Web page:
What kinds of theories have solitons? To obtain solitons, we definitely need a non-linear field structure and/or non-linear equations. Thus, free field theories with quadratic Lagrangians such as Maxwell theory do not have solitons. We need interaction terms.
Note that in QFT, we dealt with interactions using the interaction picture. We split the Hamiltonian into a ``free field'' part, which we solve exactly, and the ``interaction'' part. However, to quantize solitons, we need to solve the full interacting field equations \emph{exactly}.
Having interactions is not enough for solitons to appear. To obtain solitons, we also need some non-trivial vacuum topology. In other words, we need more than one vacuum. This usually comes from symmetry breaking, and often gauge symmetries are involved.
In this course, we will focus on three types of solitons.
\begin{itemize}
\item In one (space) dimension, we have kinks. We will spend $4$ lectures on this.
\item In two dimensions, we have vortices. We will spend $6$ lectures on this.
\item In three dimensions, there are monopoles and Skyrmions. We will only study Skyrmions, and will spend $6$ lectures on these.
\end{itemize}
These examples are all relativistic. Non-relativistic solitons include \emph{domain walls}, which occur in ferromagnets, and two-dimensional ``baby'' Skyrmions, which are seen in exotic magnets, but we will not study these.
In general, solitons appear in all sorts of different actual, physical scenarios such as in condensed matter physics, optical fibers, superconductors and exotic magnets. ``Cosmic strings'' have also been studied. Since we are mathematicians, we probably will not put much focus on these actual applications. However, we can talk a bit more about Skyrmions.
Skyrmions are solitons in an \emph{effective field theory} of interacting pions, which are thought to be the most important hadrons because they are the lightest. This happens in spite of the lack of a gauge symmetry. While pions have no baryon number, the associated solitons have a topological charge identified with baryon number. This baryon number is conserved for topological reasons.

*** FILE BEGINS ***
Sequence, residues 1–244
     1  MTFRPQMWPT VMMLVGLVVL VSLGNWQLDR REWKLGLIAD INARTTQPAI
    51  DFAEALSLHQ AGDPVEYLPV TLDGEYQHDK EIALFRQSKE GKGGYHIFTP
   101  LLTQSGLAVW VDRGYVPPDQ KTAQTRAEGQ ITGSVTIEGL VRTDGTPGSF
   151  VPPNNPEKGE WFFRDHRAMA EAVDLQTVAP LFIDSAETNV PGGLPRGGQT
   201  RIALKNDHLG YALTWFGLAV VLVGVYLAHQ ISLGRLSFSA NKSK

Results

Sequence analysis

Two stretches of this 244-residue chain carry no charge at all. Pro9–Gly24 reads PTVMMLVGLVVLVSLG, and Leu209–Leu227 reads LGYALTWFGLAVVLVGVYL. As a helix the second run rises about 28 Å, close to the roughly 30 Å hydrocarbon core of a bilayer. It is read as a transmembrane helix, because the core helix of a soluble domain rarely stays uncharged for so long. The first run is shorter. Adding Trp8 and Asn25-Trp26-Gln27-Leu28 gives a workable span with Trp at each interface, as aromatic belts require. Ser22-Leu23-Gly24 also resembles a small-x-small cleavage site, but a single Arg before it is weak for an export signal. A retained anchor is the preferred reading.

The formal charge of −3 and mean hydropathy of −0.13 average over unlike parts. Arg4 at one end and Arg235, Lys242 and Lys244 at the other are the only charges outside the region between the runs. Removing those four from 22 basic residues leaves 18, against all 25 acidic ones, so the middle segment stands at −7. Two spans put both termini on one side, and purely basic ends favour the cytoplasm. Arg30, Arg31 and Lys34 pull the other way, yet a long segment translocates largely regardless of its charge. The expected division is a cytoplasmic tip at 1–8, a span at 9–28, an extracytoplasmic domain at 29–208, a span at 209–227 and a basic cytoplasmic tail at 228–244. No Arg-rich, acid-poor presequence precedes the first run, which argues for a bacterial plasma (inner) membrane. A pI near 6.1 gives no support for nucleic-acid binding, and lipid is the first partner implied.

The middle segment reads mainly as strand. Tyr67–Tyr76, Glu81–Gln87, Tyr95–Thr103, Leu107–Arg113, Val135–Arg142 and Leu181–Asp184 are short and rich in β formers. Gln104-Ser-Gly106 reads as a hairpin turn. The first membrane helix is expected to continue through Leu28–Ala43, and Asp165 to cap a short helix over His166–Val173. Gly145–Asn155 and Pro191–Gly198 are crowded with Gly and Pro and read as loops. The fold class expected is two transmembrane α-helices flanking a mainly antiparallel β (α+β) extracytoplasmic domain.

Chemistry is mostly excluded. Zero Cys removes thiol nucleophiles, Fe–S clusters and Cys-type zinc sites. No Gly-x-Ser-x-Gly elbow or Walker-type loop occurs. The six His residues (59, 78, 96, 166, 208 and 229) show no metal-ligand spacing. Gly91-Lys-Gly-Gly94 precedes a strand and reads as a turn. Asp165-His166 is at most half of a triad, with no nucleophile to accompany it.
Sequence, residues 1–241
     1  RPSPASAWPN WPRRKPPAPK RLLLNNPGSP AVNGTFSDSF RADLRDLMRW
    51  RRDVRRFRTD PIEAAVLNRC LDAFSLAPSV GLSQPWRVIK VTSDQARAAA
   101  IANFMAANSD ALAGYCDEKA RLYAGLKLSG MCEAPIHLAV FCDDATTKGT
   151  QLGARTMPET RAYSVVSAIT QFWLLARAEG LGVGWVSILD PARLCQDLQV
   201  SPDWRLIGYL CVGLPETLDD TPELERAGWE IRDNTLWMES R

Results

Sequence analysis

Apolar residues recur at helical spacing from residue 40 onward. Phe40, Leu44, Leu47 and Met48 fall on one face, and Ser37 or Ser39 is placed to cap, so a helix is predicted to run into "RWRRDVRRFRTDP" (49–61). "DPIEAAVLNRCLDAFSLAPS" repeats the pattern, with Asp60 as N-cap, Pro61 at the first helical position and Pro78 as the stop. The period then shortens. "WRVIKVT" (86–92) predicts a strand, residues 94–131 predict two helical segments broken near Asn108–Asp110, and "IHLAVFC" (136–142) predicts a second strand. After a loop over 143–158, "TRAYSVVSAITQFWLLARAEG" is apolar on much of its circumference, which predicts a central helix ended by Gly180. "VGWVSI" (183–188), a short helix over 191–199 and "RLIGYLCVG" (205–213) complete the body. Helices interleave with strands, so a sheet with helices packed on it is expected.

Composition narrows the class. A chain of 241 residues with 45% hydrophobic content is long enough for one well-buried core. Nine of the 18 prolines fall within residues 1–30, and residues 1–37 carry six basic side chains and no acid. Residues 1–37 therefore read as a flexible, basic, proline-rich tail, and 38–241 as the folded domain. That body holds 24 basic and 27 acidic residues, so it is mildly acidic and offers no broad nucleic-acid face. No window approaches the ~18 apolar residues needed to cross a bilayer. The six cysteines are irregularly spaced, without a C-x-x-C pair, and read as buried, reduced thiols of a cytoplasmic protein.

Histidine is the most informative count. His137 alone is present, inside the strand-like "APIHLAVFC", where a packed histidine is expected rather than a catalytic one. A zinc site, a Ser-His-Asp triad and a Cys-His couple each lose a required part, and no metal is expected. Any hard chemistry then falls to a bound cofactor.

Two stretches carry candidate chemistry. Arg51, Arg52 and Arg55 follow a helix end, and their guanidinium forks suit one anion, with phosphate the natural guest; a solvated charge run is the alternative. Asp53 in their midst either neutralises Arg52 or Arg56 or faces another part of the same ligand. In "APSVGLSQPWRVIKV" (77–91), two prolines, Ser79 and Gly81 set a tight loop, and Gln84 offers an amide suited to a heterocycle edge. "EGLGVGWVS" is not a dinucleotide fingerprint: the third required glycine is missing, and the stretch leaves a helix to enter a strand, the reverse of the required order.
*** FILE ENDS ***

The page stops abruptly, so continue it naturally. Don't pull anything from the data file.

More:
Note that in QCD, baryon number is conserved because the quark number is conserved. Experiments tried extremely hard to find proton decay, which would be a process that involves baryon number change, but we cannot find such examples. We have very high experimental certainty that baryon number is conserved. And if baryon number is topological, then this is a very good reason for the conservation of baryon number.
Skyrmions give a model of low-energy interactions of baryons. This leads to an (approximate) theory of nucleons (proton and neutron) and larger nuclei, which are bound states of any number of protons and neutrons.
For these ideas to work out well, we need to eventually do quantization. For example, Skyrmions by themselves do not have spin. We need to quantize the theory before spins come out. Also, Skyrmions cannot distinguish between protons and neutrons. These differences only come up after we quantize.
\section{\tph{$\phi^4$}{phi4}{ϕ^{4}} kinks}
\subsection{Kink solutions}
In this section, we are going to study \term{$\phi^4$ kinks}\index{kink}\index{kink!$\phi^4$}. These occur in $1 + 1$ dimensions, and involve a single scalar field $\phi(x, t)$. In higher dimensions, we often need many fields to obtain solitons, but in the case of 1 dimension, we can get away with a single field.